President Donald Trump has routinely bashed “global freeloading” on pharmaceuticals, and his administration last month unveiled a plan to try and lower some U.S. drug prices to international levels. Now, a top pharma CEO says he’s right—at least in principle.
In an interview with Bloomberg TV, AstraZeneca CEO Pascal Soriot said a “readjustment” of prices, to slightly raise European prices and slightly cut U.S. prices, would be warranted.
After all, he said, the world is “benefiting” from the United States’ high prices that have incentivized R&D—and help fund it.
Thing is, he doesn’t know how those pricing tweaks would happen.
“Whether that can be done, I don’t know,” he said in the interview. “It’s probably unlikely.” Soriot said Japanese prices are a “good benchmark.”
Soriot’s remarks follow the Trump administration’s plan last month to create an international price index and gradually lower Medicare Part B drug prices. In conjunction with the plan, the HHS released a report that showed, for the top 27 drugs that account for the most in Medicare Part B drug spending, prices in the U.S. are 180% higher, on average, than they are in countries with similar economies.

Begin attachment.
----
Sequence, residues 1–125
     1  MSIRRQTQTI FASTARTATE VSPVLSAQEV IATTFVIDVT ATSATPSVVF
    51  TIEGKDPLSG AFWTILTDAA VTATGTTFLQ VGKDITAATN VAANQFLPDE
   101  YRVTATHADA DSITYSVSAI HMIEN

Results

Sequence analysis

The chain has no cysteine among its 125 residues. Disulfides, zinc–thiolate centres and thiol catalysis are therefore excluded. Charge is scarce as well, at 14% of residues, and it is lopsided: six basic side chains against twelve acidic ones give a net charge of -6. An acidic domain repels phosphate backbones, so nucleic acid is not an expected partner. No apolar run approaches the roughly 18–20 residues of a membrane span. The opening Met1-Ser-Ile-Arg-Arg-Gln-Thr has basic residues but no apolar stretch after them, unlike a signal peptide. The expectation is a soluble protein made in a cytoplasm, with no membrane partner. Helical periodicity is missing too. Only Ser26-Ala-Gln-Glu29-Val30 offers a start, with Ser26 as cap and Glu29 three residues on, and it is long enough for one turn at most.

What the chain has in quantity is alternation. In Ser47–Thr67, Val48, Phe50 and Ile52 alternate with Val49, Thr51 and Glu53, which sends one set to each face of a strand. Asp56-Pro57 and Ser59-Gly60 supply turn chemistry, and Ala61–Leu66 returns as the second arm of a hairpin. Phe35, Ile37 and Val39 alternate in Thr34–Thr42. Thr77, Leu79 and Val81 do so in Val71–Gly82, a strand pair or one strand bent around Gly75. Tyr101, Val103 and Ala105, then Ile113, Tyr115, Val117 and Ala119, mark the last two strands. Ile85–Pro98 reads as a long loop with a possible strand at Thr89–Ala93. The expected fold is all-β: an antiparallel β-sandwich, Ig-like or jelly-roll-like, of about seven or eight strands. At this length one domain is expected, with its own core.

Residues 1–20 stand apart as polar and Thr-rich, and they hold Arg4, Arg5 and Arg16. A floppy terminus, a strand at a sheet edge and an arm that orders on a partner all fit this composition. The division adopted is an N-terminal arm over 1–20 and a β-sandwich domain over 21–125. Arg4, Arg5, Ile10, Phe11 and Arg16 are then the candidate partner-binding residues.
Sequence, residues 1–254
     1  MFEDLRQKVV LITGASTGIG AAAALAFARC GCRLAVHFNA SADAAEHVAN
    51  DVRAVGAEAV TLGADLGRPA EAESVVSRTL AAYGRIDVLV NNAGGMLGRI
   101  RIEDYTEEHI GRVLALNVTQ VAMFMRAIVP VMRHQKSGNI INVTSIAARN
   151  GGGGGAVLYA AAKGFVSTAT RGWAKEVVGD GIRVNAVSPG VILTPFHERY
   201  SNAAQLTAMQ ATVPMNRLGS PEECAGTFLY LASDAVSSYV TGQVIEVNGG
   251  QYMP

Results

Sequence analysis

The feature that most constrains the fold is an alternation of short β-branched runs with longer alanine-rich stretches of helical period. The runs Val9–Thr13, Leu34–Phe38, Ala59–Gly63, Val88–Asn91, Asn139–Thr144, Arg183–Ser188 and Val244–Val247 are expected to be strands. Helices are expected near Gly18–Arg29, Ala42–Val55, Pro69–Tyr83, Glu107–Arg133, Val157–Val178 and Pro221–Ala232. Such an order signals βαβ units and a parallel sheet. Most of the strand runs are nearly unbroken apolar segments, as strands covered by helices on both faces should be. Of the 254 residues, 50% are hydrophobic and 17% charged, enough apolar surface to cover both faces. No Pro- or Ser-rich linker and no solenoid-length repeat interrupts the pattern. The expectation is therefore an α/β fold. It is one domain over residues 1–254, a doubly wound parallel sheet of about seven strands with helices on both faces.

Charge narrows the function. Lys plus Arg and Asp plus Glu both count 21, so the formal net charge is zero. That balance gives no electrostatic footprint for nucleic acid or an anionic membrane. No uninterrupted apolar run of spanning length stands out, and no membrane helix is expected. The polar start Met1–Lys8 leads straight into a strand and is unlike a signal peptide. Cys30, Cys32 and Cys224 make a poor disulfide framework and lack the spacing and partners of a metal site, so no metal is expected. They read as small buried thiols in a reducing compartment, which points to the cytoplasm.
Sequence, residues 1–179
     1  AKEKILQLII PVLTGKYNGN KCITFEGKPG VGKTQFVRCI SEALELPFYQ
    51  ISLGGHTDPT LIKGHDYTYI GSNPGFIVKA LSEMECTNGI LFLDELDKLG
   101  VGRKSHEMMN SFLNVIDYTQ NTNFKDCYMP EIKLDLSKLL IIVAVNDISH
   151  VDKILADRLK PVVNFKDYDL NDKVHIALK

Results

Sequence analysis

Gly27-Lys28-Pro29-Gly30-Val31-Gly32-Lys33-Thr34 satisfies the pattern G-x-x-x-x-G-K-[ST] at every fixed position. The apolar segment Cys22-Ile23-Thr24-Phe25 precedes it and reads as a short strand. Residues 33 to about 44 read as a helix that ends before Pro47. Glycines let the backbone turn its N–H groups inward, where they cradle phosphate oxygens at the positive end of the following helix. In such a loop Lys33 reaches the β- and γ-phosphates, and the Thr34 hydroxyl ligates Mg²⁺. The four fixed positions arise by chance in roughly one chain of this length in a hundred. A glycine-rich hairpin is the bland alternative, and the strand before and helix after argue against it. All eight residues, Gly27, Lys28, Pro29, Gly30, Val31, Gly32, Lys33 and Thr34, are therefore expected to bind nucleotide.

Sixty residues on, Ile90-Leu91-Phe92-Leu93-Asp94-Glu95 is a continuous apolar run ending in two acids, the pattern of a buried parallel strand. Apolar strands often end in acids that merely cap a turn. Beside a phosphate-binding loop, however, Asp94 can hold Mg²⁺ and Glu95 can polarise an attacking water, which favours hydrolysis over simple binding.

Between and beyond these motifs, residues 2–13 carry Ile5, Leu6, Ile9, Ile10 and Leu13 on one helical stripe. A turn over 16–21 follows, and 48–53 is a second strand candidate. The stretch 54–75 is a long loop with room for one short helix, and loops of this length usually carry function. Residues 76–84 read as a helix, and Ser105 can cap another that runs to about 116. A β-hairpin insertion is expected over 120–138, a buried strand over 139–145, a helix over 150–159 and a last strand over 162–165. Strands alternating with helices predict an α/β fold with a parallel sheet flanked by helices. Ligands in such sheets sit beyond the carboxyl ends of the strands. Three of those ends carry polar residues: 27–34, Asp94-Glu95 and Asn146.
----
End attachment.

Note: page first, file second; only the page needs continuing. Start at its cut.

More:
Other top pharma CEOs voiced their thoughts on the plan during their third-quarter conference calls. Pfizer CEO Ian Read, for instance, said he doesn't think it "makes sense" because the plan involves "importing one country's industrial policy ... into a country that's based on innovation." Allergan's Brent Saunders said the proposal "could have a destabilizing effect on how we think about investing for innovation in our industry."
The debate over international pricing is part of a larger conversation over U.S. prices. Apart from the Part B plan, the Trump administration has been pushing for drug prices in TV ads, and the FDA has been approving more generics than ever in an effort to provide relief. In May, the administration released its pricing blueprint, with a goal to increase competition and negotiation for pharmaceuticals, as well as lower list prices and out-of-pocket costs for patients.
After the midterm elections, industry watchers expect continued attention to pricing and potential new headaches for pharma in the form of investigations and committee hearings.